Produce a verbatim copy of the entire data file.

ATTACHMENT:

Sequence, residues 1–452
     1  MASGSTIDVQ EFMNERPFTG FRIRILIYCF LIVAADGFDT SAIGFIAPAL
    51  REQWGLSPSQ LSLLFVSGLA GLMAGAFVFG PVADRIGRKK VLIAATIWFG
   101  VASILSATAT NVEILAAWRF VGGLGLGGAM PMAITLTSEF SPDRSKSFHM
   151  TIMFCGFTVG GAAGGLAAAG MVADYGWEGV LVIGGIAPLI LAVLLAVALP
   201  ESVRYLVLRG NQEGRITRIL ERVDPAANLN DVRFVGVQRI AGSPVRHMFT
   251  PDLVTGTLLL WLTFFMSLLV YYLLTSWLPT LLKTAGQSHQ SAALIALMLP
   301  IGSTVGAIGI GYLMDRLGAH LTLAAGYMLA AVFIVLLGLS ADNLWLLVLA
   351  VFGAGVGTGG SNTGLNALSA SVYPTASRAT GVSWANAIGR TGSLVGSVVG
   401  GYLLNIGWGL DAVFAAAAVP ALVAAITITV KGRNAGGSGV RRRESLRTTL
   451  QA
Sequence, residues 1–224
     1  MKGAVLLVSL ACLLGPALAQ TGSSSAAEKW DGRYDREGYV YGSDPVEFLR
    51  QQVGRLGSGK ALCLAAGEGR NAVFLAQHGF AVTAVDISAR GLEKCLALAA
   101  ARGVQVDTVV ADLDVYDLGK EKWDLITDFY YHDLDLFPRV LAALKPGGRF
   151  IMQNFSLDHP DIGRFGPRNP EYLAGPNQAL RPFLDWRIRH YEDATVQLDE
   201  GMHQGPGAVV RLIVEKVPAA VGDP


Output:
Sequence, residues 1–452
     1  MASGSTIDVQ EFMNERPFTG FRIRILIYCF LIVAADGFDT SAIGFIAPAL
    51  REQWGLSPSQ LSLLFVSGLA GLMAGAFVFG PVADRIGRKK VLIAATIWFG
   101  VASILSATAT NVEILAAWRF VGGLGLGGAM PMAITLTSEF SPDRSKSFHM
   151  TIMFCGFTVG GAAGGLAAAG MVADYGWEGV LVIGGIAPLI LAVLLAVALP
   201  ESVRYLVLRG NQEGRITRIL ERVDPAANLN DVRFVGVQRI AGSPVRHMFT
   251  PDLVTGTLLL WLTFFMSLLV YYLLTSWLPT LLKTAGQSHQ SAALIALMLP
   301  IGSTVGAIGI GYLMDRLGAH LTLAAGYMLA AVFIVLLGLS ADNLWLLVLA
   351  VFGAGVGTGG SNTGLNALSA SVYPTASRAT GVSWANAIGR TGSLVGSVVG
   401  GYLLNIGWGL DAVFAAAAVP ALVAAITITV KGRNAGGSGV RRRESLRTTL
   451  QA
Sequence, residues 1–224
     1  MKGAVLLVSL ACLLGPALAQ TGSSSAAEKW DGRYDREGYV YGSDPVEFLR
    51  QQVGRLGSGK ALCLAAGEGR NAVFLAQHGF AVTAVDISAR GLEKCLALAA
   101  ARGVQVDTVV ADLDVYDLGK EKWDLITDFY YHDLDLFPRV LAALKPGGRF
   151  IMQNFSLDHP DIGRFGPRNP EYLAGPNQAL RPFLDWRIRH YEDATVQLDE
   201  GMHQGPGAVV RLIVEKVPAA VGDP